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Antony Cairns’ Dead Pubs

March 10, 2014
by the gentle author

The Duke of Cambridge, Felix St E2, 1839 – 1998

Slowly and without anyone hardly noticing, pubs are being snuffed out like candle flames. As a connoisseur of quiet and neglected places, it cuts me to the quick to see this gallery that Antony Cairns had the prescience to photograph between 2001- 2003 (and subsequently) just as his subjects were taking their last gasp – or should that be gulp? Yet – even in this final degraded state, boarded up and shut down – these pubs still retain their presence as receptacles of collective memory, and their aristocratic names and architectural flourishes declare their former glory with undiminished pride.

Can readers name the unidentified pubs and provide locations where I have none?

Marquis of Salisbury, Hermit Rd, Canning Town E16, 1881 – 1995

Durham Arms, Harleyford Rd SE11, 1869 – 2002

The New Concorde, Webster Rd SE16 – note concorde image upon sign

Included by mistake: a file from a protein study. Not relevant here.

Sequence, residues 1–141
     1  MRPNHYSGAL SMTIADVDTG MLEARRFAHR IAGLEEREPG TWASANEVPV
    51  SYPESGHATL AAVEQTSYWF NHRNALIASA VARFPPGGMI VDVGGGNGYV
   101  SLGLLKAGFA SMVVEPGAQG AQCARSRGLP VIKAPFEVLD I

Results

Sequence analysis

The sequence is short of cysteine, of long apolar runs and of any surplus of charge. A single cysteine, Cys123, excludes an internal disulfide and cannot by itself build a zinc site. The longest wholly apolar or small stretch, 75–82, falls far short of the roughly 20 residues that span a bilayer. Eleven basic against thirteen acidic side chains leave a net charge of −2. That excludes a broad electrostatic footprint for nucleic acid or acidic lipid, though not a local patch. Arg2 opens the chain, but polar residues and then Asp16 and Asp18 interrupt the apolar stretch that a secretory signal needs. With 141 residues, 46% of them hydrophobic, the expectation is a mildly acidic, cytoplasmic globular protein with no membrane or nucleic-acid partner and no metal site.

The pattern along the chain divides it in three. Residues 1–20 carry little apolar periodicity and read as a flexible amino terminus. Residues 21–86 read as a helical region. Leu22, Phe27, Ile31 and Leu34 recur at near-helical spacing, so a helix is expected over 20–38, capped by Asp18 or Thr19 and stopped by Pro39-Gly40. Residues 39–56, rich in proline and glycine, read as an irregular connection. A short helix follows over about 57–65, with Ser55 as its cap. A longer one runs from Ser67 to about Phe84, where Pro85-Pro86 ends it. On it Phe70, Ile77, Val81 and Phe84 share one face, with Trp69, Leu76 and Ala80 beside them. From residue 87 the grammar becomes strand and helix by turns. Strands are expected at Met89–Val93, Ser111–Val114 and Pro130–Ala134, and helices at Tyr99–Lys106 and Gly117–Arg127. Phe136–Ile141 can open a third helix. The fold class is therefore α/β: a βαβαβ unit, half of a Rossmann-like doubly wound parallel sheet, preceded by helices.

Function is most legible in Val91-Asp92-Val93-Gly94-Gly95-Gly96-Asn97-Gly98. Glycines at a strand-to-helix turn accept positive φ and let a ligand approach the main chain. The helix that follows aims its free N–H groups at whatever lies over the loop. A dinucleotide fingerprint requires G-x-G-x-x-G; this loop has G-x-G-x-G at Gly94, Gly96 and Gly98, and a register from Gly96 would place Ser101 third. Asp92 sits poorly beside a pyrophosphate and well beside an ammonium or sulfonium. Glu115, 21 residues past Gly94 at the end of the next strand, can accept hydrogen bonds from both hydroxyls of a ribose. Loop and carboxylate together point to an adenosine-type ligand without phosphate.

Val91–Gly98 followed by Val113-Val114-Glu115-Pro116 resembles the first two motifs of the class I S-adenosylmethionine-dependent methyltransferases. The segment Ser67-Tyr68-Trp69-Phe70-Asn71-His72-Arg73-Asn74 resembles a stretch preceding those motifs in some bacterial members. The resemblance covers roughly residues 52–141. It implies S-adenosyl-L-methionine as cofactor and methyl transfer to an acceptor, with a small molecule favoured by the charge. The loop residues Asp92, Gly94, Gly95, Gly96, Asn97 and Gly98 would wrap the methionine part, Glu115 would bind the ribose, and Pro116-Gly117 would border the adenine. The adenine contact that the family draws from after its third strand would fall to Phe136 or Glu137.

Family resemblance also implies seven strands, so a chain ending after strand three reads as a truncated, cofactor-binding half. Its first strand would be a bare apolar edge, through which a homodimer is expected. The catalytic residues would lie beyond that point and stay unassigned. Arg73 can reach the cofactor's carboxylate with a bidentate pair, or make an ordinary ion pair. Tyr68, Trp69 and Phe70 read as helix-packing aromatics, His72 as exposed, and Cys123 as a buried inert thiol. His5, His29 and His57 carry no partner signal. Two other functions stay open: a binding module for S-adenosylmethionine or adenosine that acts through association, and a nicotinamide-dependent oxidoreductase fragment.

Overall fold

The Arundel Arms, Boleyn Rd N16, 1881 – 2007

Earl Derby, London Rd E13, 1870 -2010

The Royal Duke, Commercial Rd E1, 1971 – 1995

The Orange Tree Tavern, Stonebridge, NW10, 1881 – 2001 – now demolished

The Lord Napier, White Post Lane, Hackney Wick, 1874- 1996

Westbury Arms, Ripple Rd, Barking, 1650 -2008

The Star, Wellington St, Woolwich SE18

The Willow Tree, Balls Pond Rd, 1869 – 2007

Lovat Arms, Burdett Rd, Limehouse, 1862 – 2004 – now demolished

The Lord Cecil, Median Rd E5, 1872 – 2005

The Cowshed (formerly The Admiral Blake), Ladbroke Grove W10, 1881 – 2013 – now demolished

Red Cow, The Grange, Bermondsey, 1869 – 2010 – now demolished

Unknown pub

The Angel, Church St, West Ham, E15

Prince & Princess of Wales, Bagshot St, Walworth, 1881 – now a shop

Clarence Arms, Kentish Town Rd, NW1